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United Way helps provide free medicine

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Angela Moore, left, and Latoya Lloyd select boxes of free bandages Thursday during the Over-the-Counter Medicine Give Away Day at the Impact Center.

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By Corey Davis
Staff Writer

Friday, September 30, 2016

As she walked out the door of the Impact Center at Word Tabernacle Church with a bag of free medicine, Beulah Wilkins offered her gratitude Thursday for the variety of medications given to her and nearly 1,000 people from across the Twin Counties.

“It’s awesome, and one of the best outreach community events that has ever been done in this area,” Wilkins said. “It’s especially great for us seniors, because medicine is so high these days. I never thought I would see the day that I would have to make a choice of whether to buy food or buy medicine.”

The Over-the-Counter Medicine Give Away Day was sponsored by the United Way Tar River Region in partnership with NC MedAssist, a statewide nonprofit pharmacy providing free prescription medicines to low-income, uninsured people. The collaboration also brought out resources from other local nonprofit agencies.

There was no identification or eligibility requirement for the participants, organizers said.

Kristin Young, communications director for NC MedAssist, said the free medicine giveaway was made possible because of a grant by the Kate B. Reynolds Charitable Trust for any person or family needing over-the-counter medicine. 

She added all of the medicine was donated from the Second Harvest Food Bank in Charlotte. The over-the-counter medicine not given away was boxed up and sent to local free clinics, Young said.

“This is medicine that can cost upward to $25, so this is really saving people money,” she said. “This is also really filling people’s medicine cabinets.”

Trishonda Roberson, executive director of the Impact Center, said the event provided free medications to people who normally would go to the emergency room for reasons such as having a common cold, fever, flu symptoms or minor pain relief.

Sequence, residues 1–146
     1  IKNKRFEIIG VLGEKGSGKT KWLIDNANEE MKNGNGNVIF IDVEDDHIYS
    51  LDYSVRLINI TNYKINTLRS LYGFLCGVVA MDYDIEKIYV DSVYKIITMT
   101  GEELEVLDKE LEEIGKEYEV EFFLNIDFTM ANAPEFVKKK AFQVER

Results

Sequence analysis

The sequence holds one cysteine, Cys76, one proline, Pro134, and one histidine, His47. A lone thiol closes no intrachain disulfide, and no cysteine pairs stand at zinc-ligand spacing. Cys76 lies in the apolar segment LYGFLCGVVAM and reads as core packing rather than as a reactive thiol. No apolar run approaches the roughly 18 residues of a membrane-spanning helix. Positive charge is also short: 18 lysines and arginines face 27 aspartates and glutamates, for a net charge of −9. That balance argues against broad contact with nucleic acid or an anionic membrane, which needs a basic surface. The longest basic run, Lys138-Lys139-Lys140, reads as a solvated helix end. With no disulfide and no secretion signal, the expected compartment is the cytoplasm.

Ginny Mohrbutter, executive director of United Way Tar River Region, said each person received $100 worth of over-the-counter medicine, which included 10 items such as allergy relief, pain relief, indigestion relief, cold medicine, first-aid and vitamins for all ages. In addition, people received $20 or more worth of products consisting of bandages, gauzes, toothbrushes and toothpaste, she added.

The first 200 attendees at the event received shopping bags from Nash County Travel and Tourism, Mohrbutter said.

“We had this as one of the four focus areas for United Way,” she said. “When we learned about the free over-the-counter giveaway, it was a wonderful opportunity for some of our local citizens to get some of the products that they may not normally be able to afford. For some of them to get free products here, it allows them to have money for food or money for other items they may need in their lives.”

Nearly 400 volunteers offered their services in such roles as pharmacy consultants, client ‘personal shoppers’ and over-the-counter medicine sorters at the giveaway event, Morhbutter said.

Pharmacist Richard Kos, owner of Almand’s Drug Stores, offered advice for anyone who wanted to know how the over-counter-medicines could affect them taking prescription medicines and also talked to them about any existing medical condition they’re experiencing, Morhbutter added.

In addition, an out-of-date or unused prescription and over-the-counter medicine drop off was available from the Nash County Sheriff’s Office for people looking to dispose their prescription or over-the-counter medicine, organizers said.

“This is part of what United Way does and we like to unite the community around causes that are going to help our local community,” Morhbutter said.

 

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